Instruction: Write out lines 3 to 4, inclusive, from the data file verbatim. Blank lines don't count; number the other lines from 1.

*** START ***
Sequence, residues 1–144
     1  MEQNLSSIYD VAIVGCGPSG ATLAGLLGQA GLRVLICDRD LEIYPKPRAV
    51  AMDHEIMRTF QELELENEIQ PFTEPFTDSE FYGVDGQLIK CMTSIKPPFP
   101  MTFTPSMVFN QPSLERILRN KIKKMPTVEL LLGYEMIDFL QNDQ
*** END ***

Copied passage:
    51  AMDHEIMRTF QELELENEIQ PFTEPFTDSE FYGVDGQLIK CMTSIKPPFP
   101  MTFTPSMVFN QPSLERILRN KIKKMPTVEL LLGYEMIDFL QNDQ